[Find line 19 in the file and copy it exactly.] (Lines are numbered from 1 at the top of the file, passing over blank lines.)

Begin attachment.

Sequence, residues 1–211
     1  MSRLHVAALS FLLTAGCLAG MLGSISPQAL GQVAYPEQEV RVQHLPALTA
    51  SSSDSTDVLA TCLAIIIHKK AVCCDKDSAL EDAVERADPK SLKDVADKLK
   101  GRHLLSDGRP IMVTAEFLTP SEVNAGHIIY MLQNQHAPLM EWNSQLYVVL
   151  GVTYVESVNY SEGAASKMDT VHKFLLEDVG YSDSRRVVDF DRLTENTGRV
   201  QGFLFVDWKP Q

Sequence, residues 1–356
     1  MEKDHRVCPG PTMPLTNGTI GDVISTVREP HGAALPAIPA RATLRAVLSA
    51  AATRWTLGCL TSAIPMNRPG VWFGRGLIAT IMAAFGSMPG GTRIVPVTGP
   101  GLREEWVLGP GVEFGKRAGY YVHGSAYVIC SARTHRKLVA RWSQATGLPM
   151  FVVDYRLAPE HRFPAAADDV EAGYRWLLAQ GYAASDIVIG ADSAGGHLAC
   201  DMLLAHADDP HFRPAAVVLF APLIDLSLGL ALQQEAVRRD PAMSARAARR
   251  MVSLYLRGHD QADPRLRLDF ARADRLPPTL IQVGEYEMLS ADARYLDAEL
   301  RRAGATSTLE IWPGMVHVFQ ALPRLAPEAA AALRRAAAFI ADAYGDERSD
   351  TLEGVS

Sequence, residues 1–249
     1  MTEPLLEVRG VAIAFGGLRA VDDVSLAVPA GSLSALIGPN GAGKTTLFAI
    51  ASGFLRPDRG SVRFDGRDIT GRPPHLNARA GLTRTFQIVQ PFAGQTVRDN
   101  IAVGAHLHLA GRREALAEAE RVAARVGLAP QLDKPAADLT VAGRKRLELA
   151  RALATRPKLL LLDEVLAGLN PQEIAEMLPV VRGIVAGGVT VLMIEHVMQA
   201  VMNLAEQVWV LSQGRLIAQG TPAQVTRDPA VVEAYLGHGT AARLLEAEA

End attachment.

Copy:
   101  IAVGAHLHLA GRREALAEAE RVAARVGLAP QLDKPAADLT VAGRKRLELA